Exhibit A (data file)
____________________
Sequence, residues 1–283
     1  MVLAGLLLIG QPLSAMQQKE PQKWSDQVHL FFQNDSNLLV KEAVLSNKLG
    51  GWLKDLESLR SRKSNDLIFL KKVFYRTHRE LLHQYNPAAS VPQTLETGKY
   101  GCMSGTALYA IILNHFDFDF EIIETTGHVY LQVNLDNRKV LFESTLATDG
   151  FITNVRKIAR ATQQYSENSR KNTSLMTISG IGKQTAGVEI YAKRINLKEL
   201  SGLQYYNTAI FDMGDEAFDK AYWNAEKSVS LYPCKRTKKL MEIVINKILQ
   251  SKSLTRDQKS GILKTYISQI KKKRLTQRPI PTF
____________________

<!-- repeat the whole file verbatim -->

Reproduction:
Sequence, residues 1–283
     1  MVLAGLLLIG QPLSAMQQKE PQKWSDQVHL FFQNDSNLLV KEAVLSNKLG
    51  GWLKDLESLR SRKSNDLIFL KKVFYRTHRE LLHQYNPAAS VPQTLETGKY
   101  GCMSGTALYA IILNHFDFDF EIIETTGHVY LQVNLDNRKV LFESTLATDG
   151  FITNVRKIAR ATQQYSENSR KNTSLMTISG IGKQTAGVEI YAKRINLKEL
   201  SGLQYYNTAI FDMGDEAFDK AYWNAEKSVS LYPCKRTKKL MEIVINKILQ
   251  SKSLTRDQKS GILKTYISQI KKKRLTQRPI PTF